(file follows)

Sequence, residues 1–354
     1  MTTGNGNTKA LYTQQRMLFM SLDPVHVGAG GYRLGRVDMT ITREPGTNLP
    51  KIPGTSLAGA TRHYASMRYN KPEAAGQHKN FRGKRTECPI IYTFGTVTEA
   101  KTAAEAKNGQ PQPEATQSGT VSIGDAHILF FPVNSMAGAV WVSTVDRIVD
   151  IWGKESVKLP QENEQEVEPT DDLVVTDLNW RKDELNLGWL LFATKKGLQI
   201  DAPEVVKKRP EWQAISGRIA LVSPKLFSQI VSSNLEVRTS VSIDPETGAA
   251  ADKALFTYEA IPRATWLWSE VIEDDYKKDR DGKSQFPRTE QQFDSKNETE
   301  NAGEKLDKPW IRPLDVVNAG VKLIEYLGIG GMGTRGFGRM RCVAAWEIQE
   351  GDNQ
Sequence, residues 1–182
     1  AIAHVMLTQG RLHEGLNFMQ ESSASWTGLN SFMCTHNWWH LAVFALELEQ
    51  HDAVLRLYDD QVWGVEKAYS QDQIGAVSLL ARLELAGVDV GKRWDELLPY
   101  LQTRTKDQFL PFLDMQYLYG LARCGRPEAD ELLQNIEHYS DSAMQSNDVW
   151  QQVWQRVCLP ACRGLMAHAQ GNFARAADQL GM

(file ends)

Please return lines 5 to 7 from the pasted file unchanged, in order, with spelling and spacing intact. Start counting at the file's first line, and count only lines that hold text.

   151  IWGKESVKLP QENEQEVEPT DDLVVTDLNW RKDELNLGWL LFATKKGLQI
   201  DAPEVVKKRP EWQAISGRIA LVSPKLFSQI VSSNLEVRTS VSIDPETGAA
   251  ADKALFTYEA IPRATWLWSE VIEDDYKKDR DGKSQFPRTE QQFDSKNETE